Money raised goes toward regular projects, but also to the Bank of ComeUnity Reparations—an account Gray-Garcia and a council of senior Homefulness members can draw on for acute needs, like motel rooms for evicted families. One day when I was hanging out at Homefulness, a man walked in needing money for his son’s funeral. Gray-Garcia asked the amount and wrote a check. Last year, the bank disbursed more than $100,000.
Five days a week, a gaggle of kids can be found in the Deecolonize Academy, a Homefulness-run K–12 homeschool named after Gray-Garcia’s mom, Dee, who died in 2006. Quarters are tight, packed with computers, couches, and a terrarium housing Don Juan the Low-Income Lizard, a bearded dragon. The school kitchen is also Gray-Garcia’s. Students going to the bathroom cross her bedroom. An attic doubles as the Homefulness office and a bedroom for two teenage boys, including her 18-year-old son, Tiburcio, now navigating the online reality of pandemic-era college.
One afternoon, I attended a weekly “revolutionary construction and land operations” consensus meeting, where I was pleasantly surprised by the goofy, good-natured vibe. The teens cut up with fart jokes and were scolded for leaving dirty dishes. The group weighed acquiring another shipping container and converting it into a walk-in fridge; one already on-site houses a library and a recording studio. Another topic of debate: city hall’s “permit gangsters,” who are withholding final occupancy until they spend $34,000 on three additional parking spaces, resulting in months of delay for folks promised a spot at Homefulness. One thwarted future resident just died and there’s discussion about whether her husband is now suicidal. Gray-Garcia choked up. “They were supposed to come heeere,” she moaned.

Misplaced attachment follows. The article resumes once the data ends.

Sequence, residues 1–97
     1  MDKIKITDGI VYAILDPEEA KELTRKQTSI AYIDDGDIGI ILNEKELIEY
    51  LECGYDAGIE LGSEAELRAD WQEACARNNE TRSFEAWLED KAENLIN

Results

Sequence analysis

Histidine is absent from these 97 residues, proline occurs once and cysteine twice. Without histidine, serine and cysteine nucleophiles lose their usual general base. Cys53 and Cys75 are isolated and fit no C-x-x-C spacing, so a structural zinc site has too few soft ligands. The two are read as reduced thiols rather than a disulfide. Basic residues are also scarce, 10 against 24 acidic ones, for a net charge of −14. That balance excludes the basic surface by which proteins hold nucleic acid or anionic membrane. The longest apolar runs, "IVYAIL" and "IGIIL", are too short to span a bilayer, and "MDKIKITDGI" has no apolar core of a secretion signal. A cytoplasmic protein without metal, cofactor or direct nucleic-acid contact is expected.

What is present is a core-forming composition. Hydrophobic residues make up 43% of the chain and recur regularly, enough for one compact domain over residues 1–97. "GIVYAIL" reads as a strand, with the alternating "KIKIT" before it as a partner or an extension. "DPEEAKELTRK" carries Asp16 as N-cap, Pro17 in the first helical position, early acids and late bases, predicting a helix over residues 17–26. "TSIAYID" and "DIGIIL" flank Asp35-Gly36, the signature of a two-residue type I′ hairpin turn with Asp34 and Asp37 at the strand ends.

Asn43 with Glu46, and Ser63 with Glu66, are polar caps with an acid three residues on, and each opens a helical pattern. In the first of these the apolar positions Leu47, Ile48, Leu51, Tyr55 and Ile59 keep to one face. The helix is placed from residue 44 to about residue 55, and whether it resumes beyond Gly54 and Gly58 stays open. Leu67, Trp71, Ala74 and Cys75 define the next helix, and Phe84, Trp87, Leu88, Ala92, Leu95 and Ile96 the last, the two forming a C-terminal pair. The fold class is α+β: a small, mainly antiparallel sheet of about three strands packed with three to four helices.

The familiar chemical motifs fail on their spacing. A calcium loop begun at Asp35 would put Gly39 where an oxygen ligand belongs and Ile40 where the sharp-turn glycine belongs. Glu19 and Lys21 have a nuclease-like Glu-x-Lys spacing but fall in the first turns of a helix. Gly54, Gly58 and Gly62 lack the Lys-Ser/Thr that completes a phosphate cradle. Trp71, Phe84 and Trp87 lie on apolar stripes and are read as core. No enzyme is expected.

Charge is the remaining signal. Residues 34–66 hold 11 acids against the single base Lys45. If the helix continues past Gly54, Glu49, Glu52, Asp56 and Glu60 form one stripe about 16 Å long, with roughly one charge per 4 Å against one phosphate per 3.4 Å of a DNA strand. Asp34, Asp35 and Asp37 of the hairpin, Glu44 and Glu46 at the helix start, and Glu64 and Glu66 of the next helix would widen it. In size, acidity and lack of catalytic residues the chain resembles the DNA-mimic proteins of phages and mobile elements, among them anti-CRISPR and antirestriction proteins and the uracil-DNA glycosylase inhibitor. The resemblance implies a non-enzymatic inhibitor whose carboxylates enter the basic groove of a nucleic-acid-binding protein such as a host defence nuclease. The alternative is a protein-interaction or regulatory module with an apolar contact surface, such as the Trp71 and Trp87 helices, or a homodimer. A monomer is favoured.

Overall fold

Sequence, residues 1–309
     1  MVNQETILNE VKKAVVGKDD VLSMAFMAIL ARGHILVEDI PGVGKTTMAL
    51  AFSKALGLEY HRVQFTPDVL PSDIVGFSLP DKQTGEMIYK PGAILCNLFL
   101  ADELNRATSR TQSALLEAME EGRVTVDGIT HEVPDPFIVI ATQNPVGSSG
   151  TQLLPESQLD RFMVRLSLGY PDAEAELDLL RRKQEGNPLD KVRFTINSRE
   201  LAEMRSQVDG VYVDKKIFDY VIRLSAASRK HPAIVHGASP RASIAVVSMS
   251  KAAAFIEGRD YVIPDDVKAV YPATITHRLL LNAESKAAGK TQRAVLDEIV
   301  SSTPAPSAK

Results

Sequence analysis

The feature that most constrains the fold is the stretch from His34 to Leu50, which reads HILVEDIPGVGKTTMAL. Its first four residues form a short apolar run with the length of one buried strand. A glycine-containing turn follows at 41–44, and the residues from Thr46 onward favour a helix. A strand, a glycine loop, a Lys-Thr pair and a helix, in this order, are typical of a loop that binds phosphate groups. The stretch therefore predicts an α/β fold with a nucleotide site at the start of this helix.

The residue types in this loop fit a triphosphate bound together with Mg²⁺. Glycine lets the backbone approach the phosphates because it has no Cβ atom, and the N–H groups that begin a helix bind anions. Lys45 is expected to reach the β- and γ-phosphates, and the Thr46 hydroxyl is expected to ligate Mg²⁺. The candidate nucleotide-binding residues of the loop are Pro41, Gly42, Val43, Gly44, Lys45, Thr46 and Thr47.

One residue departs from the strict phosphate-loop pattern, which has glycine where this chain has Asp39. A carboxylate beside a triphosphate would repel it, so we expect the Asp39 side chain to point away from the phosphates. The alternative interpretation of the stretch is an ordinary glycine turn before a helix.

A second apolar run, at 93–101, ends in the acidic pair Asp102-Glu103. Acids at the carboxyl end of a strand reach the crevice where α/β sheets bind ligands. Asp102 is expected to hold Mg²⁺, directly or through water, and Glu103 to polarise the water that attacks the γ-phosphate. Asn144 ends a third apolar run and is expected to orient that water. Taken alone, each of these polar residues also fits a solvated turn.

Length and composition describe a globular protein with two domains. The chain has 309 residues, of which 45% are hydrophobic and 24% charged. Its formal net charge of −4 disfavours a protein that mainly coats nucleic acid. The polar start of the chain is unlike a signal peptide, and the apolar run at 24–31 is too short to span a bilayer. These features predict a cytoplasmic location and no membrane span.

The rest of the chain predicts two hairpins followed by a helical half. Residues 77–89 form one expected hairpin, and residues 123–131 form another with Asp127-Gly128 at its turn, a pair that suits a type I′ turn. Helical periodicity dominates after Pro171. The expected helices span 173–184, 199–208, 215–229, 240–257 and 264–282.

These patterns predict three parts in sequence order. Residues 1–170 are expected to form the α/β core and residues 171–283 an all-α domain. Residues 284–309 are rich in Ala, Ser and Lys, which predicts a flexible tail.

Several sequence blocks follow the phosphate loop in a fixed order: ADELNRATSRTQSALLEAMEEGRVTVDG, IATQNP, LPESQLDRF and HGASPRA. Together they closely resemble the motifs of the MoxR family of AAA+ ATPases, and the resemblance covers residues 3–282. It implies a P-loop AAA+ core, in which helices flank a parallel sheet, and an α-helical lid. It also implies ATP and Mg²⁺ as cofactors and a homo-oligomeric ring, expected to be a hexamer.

Shola Olatoye, director of Oakland’s housing and community development department, questions whether Homefulness’ model could scale to meet the region’s needs. The group is “rightfully pissed off” that the government has not acted urgently enough, but she says eight “units in 10 years isn’t going to solve the fact that there are probably now 6,000 people living on the streets” in Oakland. She points instead to mammoth Bay Area projects, like the 2,000 low-income units going up on Treasure Island, with 20 percent designated for formerly houseless individuals. While Olatoye agrees “there’s a role for resident voices in the solutions around homelessness, we also need professionals around the table…I would never tell a hospital how they should deliver a baby, despite the fact that I’ve had three.”
But other advocates embrace Gray-Garcia’s style. “Homefulness pushes back against the traditional patriarchal charity model,” says Jennifer Friedenbach, executive director of San Francisco’s Coalition on Homelessness, “ensuring that people have agency.” Friedenbach credits Gray-Garcia’s unique success at fundraising, saying there are “plenty of groups of unhoused people that are organizing for housing who have the tenacity and ability to pull this off—if the funding is there.”
Gray-Garcia is already at work replicating the townhome project on property they’ve purchased a few blocks away. A pro bono architect is working on a design for a 14-unit complex. And discussions are underway with a group in Eugene, Oregon, that plans to use their model. “I want to Homefulness the world,” she says.
Brian Barth has written for publications such as New Yorker, Washington Post and National Geographic. Front Street, his book on the unhoused communities of Silicon Valley, is forthcoming from Astra House.
Co-published with Mother Jones.